Time Out says
Brad Pitt plays the bumbling, egotistical Commander of US Forces in Afghanistan in this enjoyable wartime satire
Brad Pitt puts on his ‘confused but forthright guy’ face and hops on a plane bound for Kabul in this smart, informative, slightly-too-broad Netflix Original satire. He’s four-star US General Glen McMahon, a loosely fictionalised proxy for General Stanley McChrystal, whose surprising behaviour during his tenure as the Commander of US Forces in Afghanistan was the subject of a non-fiction book, ‘The Operators’.
McMahon’s antics include leading a troupe of clownish, ill-equipped and frequently sloshed hangers-on, lying to his superiors and to the Afghan president Hamid Karzai (Ben Kingsley, wonderfully sly), and openly bad-mouthing the Obama administration in the presence of a journalist. Some of this is intentional misdirection – McMahon is a man who knows how to get what he wants, by any means necessary – and some of it is macho misjudgement and/or outright stupidity.
If ‘War Machine’ never settles on a comfortable tone it’s largely down to Pitt, whose grimacing performance is just a nudge too extreme. But there’s so much here that works: the script is consistently surprising, weaving between sharp wit, goofy slapstick and statistical fact. As an indictment of modern warfare, it’s all too believable: these men have all the money, technology and gung-ho will in the world, but are consistently undermined by their own inflated egos.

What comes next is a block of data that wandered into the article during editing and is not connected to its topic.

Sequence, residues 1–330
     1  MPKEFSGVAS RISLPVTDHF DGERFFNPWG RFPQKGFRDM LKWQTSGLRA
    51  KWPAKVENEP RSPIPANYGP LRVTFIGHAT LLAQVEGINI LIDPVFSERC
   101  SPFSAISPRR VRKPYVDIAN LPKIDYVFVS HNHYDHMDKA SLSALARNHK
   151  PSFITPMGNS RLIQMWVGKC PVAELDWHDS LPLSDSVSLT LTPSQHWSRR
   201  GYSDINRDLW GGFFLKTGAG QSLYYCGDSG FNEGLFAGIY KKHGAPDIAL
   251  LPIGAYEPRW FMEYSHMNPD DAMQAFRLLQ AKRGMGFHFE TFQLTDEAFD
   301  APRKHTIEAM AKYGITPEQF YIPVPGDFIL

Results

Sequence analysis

And when the film finally gets serious – following a platoon of young Marines into enemy territory – it’s absolutely riveting, offering an angry rebuke to self-styled noble lions like McMahon who venerate the ordinary soldier then send him off to die. A messy, troubling and strangely enjoyable film.
Cast and crew